Fix Your Fly Cast in 5 Easy Steps

Trying something new doesn’t always go smoothly the first time. Golf, baking, parallel parking—many people experience difficulty, stress and frustration the first time they tackle these tasks.

Fly casting was one such endeavor for me when I first tried my hand at it. In fact, I became so frustrated with it that I nearly gave up on fly fishing altogether. I was fortunate, however, to have the counsel of a friend who was a fly angler, who helped identify where I was going wrong. Here are the five easy steps he guided me through to help fix my fly casting.

Where Newbies Go Wrong

When they’re first learning to cast a fly, most newcomers find that a forward cast is easier. This is because they can watch their fly line and make adjustments as needed. Where most struggle, though, is their backcast, because it’s hard to see behind you and remedy any casting errors, such as hitting the water or the ground behind you with your line. This results in shoddy backcasts and ultimately, a poor cast overall, as well.

Practice Makes Perfect

Like most things, patience and practice will go a long way towards improvement. For new fly anglers struggling with their backcast, practicing the technique in their backyard can be a big help. You’ll need a target in order to practice in your yard, such as a hula hoop or a paper plate if your accuracy is on point. These targets are where you’ll want to place your fly on the forward portion of your cast.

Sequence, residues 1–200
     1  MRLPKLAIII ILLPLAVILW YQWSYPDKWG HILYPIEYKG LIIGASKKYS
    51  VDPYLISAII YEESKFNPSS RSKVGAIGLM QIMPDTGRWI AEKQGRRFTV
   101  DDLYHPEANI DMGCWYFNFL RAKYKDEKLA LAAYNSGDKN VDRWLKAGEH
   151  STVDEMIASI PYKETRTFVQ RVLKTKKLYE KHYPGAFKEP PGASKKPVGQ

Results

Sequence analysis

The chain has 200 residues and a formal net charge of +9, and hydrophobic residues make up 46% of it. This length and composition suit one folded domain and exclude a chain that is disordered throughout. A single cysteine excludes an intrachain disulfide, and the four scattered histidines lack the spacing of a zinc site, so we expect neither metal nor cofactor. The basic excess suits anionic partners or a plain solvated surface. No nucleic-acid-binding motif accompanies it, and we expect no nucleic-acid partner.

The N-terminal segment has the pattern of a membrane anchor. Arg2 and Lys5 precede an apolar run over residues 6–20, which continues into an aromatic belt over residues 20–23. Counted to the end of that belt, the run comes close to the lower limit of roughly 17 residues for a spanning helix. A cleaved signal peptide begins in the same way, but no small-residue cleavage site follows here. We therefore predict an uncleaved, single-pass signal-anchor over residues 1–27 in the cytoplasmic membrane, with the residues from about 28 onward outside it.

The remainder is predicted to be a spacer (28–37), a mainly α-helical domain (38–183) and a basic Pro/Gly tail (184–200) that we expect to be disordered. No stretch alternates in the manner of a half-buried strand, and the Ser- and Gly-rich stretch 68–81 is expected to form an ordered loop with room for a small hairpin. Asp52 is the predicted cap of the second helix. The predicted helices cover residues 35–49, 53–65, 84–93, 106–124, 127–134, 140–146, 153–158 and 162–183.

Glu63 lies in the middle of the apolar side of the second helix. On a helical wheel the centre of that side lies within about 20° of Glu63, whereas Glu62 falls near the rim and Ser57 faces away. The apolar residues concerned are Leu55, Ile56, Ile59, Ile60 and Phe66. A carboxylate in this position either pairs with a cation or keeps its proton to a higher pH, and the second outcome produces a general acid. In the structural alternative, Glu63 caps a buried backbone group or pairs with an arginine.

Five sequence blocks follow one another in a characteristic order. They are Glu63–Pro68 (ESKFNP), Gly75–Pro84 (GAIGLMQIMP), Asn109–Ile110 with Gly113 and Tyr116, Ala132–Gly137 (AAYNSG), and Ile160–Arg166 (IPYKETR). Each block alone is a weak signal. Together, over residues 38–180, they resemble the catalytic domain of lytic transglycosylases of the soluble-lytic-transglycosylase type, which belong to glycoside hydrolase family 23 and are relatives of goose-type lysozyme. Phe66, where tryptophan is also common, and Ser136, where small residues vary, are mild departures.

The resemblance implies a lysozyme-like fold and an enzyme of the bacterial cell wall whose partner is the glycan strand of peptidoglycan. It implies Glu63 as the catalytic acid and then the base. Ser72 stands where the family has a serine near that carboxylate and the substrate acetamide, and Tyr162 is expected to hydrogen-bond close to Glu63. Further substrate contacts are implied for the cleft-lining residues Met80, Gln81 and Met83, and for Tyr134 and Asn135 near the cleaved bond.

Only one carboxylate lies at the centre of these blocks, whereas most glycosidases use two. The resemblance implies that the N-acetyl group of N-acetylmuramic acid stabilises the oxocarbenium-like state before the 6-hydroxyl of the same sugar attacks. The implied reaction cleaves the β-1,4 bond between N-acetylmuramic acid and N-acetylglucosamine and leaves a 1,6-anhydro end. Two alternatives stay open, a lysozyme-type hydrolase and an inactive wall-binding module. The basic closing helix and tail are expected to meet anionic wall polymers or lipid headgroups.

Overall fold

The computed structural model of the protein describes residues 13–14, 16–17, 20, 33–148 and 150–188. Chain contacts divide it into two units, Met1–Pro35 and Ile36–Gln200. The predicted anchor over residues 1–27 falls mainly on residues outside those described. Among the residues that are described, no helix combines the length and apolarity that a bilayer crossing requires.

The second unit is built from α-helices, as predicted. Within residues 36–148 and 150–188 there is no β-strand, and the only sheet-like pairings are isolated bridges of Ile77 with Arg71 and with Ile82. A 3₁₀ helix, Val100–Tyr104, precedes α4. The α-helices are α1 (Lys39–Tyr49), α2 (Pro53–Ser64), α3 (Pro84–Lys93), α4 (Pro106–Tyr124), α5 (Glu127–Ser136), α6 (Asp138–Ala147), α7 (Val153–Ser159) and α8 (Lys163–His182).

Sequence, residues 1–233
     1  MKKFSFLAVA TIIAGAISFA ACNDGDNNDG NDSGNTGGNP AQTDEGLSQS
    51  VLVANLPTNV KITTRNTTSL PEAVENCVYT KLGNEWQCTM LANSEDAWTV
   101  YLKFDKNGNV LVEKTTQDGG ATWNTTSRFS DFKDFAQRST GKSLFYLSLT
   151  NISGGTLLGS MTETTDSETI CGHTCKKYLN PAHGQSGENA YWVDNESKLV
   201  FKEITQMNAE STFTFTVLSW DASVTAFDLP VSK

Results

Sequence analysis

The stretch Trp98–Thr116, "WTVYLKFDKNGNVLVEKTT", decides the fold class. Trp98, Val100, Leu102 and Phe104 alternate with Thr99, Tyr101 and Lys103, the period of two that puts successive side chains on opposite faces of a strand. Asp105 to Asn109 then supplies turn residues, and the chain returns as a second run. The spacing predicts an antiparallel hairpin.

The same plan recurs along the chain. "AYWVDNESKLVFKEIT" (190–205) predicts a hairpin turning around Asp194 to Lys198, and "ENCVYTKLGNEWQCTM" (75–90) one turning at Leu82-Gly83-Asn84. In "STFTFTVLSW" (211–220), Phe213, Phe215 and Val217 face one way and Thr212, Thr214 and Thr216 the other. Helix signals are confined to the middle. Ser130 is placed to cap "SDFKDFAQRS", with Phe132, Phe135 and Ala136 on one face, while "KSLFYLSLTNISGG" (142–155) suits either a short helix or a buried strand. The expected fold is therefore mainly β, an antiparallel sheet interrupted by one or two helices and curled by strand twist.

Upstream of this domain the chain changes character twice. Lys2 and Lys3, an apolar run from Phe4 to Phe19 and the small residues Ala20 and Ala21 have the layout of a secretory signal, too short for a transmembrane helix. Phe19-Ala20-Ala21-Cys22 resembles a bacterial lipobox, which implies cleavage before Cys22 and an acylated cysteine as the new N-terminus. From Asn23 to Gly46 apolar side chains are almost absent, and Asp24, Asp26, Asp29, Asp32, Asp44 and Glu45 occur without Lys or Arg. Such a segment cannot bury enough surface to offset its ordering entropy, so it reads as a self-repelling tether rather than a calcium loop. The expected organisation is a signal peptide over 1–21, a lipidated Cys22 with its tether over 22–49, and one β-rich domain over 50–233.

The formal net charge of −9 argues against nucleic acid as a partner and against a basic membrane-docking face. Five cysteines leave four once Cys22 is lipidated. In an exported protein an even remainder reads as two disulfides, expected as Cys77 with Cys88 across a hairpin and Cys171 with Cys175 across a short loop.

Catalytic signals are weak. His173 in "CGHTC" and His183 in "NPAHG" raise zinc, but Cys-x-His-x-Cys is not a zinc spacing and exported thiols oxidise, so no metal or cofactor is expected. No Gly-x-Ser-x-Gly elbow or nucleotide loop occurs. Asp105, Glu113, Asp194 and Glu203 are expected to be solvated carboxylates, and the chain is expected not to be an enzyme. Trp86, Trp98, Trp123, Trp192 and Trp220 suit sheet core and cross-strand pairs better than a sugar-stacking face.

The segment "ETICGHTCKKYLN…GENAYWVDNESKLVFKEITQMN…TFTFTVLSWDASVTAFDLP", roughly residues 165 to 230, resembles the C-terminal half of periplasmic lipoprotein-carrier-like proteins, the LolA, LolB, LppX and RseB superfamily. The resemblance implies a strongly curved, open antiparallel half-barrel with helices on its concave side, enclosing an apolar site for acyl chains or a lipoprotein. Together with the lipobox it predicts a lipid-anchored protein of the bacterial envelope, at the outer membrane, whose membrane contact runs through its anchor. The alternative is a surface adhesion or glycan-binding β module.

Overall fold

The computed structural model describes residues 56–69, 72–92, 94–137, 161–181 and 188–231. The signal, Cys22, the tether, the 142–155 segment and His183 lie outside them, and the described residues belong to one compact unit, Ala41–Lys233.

Easy as 1-2-3…4-5

Once you have a target and the space to practice, there are 5 steps to work through in order to fix your casting. First, stand sideways to the target, with your feet spread comfortably. Next, lower your rod so that it’s parallel to the ground and use a sidearm cast instead of an overhand one. Now make sure to watch the line as you make your back and forward casts. Then, adjust your timing and stroke until the cast is smooth and the line forms narrow loops forward and backward. Finally, face your target and cast with an overhand motion now, instead of a sidearm.

That Wasn’t So Bad, Was It?

By following these 5 quick steps, you’ll find that the timing and motion of your casting remain nearly identical, even though you’re changing from a horizontal to a vertical cast. Pretty easy, right? All you need to do is practice sidearm, facing away from the target so you can see the entire cast and then continue the arm motions and cadence with an overhand cast once you’ve got the rhythm down.

Photo credit: Pixabay